Absent-minded professor

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For the 1961 Disney movie, see The Absent-Minded Professor.
The Astrologer who Fell into a Well because he kept looking at the stars. John Tenniel's illustration from the 1884 edition of Aesop's fables

The absent-minded professor is a stock character of popular fiction, usually portrayed as a talented academic whose focus on academic matters leads him or her to ignore or forget his or her surroundings.

The phrase "absent-minded professor" is also commonly used more generally in English to describe people who are so engrossed in their 'own world' that they fail to keep track of their surroundings. It is a common stereotype that professors get so obsessed with their research that they pay little attention to anything else.

The stereotype is very old: the ancient Greek biographer Diogenes Laërtius wrote that the philosopher Thales walked at night with his eyes focused on the heavens and, as a result, fell down a well.[1]

Examples of real absent-minded professors[edit]

Isaac Newton, Adam Smith, André-Marie Ampère, Jacques Hadamard, Sewall Wright, Nikola Tesla, Norbert Wiener, Archimedes, and Albert Einstein were all scholars considered to be absent-minded by their contemporaries – their attention absorbed by their academic studies. William Archibald Spooner, who gave his name to the spoonerism, was known for his absent-mindedness and eccentricity.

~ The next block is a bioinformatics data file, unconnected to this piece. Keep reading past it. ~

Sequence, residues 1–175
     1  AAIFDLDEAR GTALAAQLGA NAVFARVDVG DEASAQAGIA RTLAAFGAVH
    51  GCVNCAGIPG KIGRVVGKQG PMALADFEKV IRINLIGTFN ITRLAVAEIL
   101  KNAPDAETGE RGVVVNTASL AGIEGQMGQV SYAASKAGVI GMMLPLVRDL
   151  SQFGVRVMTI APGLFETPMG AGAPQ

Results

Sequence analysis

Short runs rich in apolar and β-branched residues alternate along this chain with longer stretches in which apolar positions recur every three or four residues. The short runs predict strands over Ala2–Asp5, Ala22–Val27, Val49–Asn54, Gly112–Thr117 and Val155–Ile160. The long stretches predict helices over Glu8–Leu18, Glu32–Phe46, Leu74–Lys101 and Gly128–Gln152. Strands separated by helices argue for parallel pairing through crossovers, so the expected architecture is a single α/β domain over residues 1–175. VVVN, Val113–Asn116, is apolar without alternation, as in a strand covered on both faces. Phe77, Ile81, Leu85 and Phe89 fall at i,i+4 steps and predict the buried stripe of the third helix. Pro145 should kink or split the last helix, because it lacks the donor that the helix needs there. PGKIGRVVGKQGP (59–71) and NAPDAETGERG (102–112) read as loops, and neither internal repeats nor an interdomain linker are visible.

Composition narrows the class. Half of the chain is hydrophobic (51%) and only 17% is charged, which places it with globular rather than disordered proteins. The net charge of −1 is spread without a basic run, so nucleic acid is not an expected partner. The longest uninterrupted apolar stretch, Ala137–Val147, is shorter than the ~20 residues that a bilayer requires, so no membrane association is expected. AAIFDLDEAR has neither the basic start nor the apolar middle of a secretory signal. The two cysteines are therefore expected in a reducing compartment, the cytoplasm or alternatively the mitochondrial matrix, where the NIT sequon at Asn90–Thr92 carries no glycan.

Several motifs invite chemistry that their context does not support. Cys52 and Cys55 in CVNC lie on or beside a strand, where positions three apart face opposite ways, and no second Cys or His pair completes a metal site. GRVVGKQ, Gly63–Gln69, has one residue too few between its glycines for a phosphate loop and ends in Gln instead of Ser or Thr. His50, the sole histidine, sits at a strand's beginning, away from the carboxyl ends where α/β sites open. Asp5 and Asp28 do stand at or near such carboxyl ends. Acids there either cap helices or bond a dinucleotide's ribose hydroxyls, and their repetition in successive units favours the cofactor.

Fictitious absent-minded professors[edit]

Examples in film of absent-minded professors include "Doc" Emmett Brown from Back to the Future, the title character in the film The Absent-Minded Professor and its less successful film remakes all based on the short story A Situation of Gravity, by Samuel W. Taylor, as well as Professor Farnsworth of Futurama and Professor Frink in The Simpsons. Professor Kokintz in The Mouse That Roared by Leonard Wibberley is an example from literature, while Professor Branestawm, created in the 1930s by Norman Hunter is an earlier archetype, and Jacques Paganel from the Jules Verne's 1867 novel In Search of the Castaways is probably the codifier of the archetype in the modern literature. Comic strip examples include Professor Calculus, in The Adventures of Tintin, Eli Eon, from Little Orphan Annie,and Professor Edgewise, a minor recurring character in Marvel Family stories. Professor Caractacus Potts in the story of Chitty Chitty Bang Bang qualifies as an absent minded inventor. Multo, one of the characters in the hit series The Zula Patrol, is an example of an absent-minded professor. One in Television is that of Walter Bishop in the Fox television series Fringe. Isaac Kleiner, from the Half-Life saga as well as Professor Harold MacDougal from Red Dead Redemption, are examples in videogames.

The archetype is sometimes mixed with that of the mad scientist, often for comic effect as in the Jerry Lewis film The Nutty Professor. However, the mad scientist archetype usually has malevolent connotations, while the absent minded professor is typically characterized as benevolent.

The fictional absent-minded professor is often a college professor of science or engineering; in the fantasy genre, a similar character may appear as a wizard. An example of this would be the characterisation of Merlin in The Sword in the Stone—particularly the Disney adaptation—and Albus Dumbledore in Harry Potter.


  1. ^ Diogenes Laërtius, Lives of the Eminent Philosophers, "Thales"

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